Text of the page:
Aviation's biggest players descend on the renowned Farnborough airshow next week, buoyed by the travel sector's nascent recovery from the Covid pandemic and as Russia's invasion of Ukraine boosts defence spending.

Farnborough, southwest of London and one of the largest civilian and defence shows alongside Dubai and Paris, is abuzz with anticipation as the aerospace sector fires up its engines for the first time since being ravaged by the pandemic.

At the same time, however, the industry faces headwinds from rocketing inflation fuelled by historically high energy prices and higher wages, while staff shortages constrain airports.

At Farnborough, US titan Boeing and its European arch-rival Airbus will take to the skies to show off their latest hi-tech wares -- and engage in their traditional dogfight for multi-billion-dollar jet orders.

"This is the first major global airshow for three years since Paris 2019 and therefore there is definitely a bigger excitement and buzz than I have seen before about Farnborough," airshow chief executive Gareth Rogers told AFP.

"People are excited to be coming back together and really looking forward to seeing each other. I think it's going to be a bit of a celebration."

Civil aerospace has been energised this year by the return of international travel after the lifting of Covid restrictions.

Farnborough was axed in 2020 owing to the deadly coronavirus pandemic and was last held in 2018.

An estimated 80,000 trade visitors will flock to the five-day event, which kicks off Monday and opens to the public Friday.

The show will this year zero in also on green themes of decarbonisation and sustainability, as the sector eyes future electric and hydrogen-fuelled flight.

Farnborough visitors will be thrilled by dizzying air displays by Britain's Red Arrows -- and also by South Korea's Black Eagles.

Other eye-catching aircraft taking to the skies include the US-made F-35 stealth fighter jet and Turkish drones, while Boeing's pilotless electric air taxi will make its European debut.

Airbus and Boeing will meanwhile showcase their latest twin-aisle passenger aircraft, the A350-900 and the 777X.

Boeing hopes it will be able to revive the fortunes of the 737 MAX, which suffered two fatal crashes, at this year's Farnborough airshow
Boeing hopes it will be able to revive the fortunes of the 737 MAX, which suffered two fatal crashes, at this year's Farnborough airshow GETTY IMAGES NORTH AMERICA via AFP / POOL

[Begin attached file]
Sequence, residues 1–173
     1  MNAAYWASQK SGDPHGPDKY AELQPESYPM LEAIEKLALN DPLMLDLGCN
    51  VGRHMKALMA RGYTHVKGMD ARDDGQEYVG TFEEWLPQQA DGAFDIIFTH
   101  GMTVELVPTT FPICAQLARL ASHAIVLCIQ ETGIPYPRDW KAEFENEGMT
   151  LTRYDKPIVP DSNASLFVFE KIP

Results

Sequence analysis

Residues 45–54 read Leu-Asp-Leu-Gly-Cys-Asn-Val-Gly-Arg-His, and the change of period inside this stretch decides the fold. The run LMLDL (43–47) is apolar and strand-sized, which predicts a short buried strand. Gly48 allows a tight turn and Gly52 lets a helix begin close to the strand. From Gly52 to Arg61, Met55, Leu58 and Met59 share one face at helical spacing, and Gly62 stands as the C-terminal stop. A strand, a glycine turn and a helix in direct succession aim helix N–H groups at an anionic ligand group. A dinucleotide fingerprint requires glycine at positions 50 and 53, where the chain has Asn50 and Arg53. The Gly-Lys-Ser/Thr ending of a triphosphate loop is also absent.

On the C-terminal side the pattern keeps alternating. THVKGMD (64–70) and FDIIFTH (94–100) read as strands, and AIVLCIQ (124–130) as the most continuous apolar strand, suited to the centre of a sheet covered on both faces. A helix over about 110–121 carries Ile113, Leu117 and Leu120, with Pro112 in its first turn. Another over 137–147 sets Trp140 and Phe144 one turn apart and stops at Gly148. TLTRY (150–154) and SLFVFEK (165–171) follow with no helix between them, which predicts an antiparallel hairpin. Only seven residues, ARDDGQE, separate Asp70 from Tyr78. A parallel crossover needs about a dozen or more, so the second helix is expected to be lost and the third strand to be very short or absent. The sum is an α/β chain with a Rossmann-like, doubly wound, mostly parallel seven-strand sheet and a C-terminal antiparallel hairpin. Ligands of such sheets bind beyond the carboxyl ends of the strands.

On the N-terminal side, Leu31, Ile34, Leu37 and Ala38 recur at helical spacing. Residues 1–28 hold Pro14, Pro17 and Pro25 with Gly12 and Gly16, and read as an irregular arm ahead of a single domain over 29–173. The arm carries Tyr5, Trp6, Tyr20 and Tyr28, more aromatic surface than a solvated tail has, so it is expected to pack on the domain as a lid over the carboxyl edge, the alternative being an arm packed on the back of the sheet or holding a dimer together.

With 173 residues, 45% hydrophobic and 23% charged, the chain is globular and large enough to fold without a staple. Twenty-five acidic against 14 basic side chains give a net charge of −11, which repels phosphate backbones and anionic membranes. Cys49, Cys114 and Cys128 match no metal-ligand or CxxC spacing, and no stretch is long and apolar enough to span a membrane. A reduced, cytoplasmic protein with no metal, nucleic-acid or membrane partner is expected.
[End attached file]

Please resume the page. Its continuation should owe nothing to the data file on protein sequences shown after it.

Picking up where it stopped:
A year after the last Farnborough airshow in 2018, Airbus canned production of its A380 superjumbo owing to collapsing demand for the double-decker jet.

The planemaker nevertheless forecasts the number of global aircraft will double over the next 20 years on a post-Covid travel boom and increasing demand for fuel-efficient jets.

Boeing, which will release its outlook at Farnborough, is seeking to revive the fortunes of its crisis-hit MAX jet after two deadly crashes in 2018 and 2019.

Russia's assault on Ukraine has thrown the spotlight on defence aerospace, as governments worldwide seek to bolster capability of their armed forces.

Companies from Russia have been banned from Farnborough owing to the conflict.

"The war in Ukraine -- it's brought defence into sharp focus," said Rogers, noting however that defence deals were not usually unveiled at the show, unlike big commercial agreements.

"Anecdotally we are certainly seeing a greater interest in the defence element of the show -- it is becoming a wider and larger part of this event," he added.

Rogers lamented that the civil aviation's recovery was being hampered by forces outside of its control.

"I definitely feel the recovery is underway," added Rogers.

"The issue is how quickly can it go, and I think the staffing and workforce restraints are probably slowing that down more than the industry would like."

Airlines have also been suffering strike action, as workers seek higher pay in the face of soaring inflation.

Global air transport is on course to return to profit in 2023 after two pandemic-battered years, the International Air Transport Association predicts.

The sector was sent reeling by the pandemic, with passenger numbers plunging more than half.

Airlines lost nearly $200 billion over two years, according to IATA estimates, forcing them to slash thousands of jobs.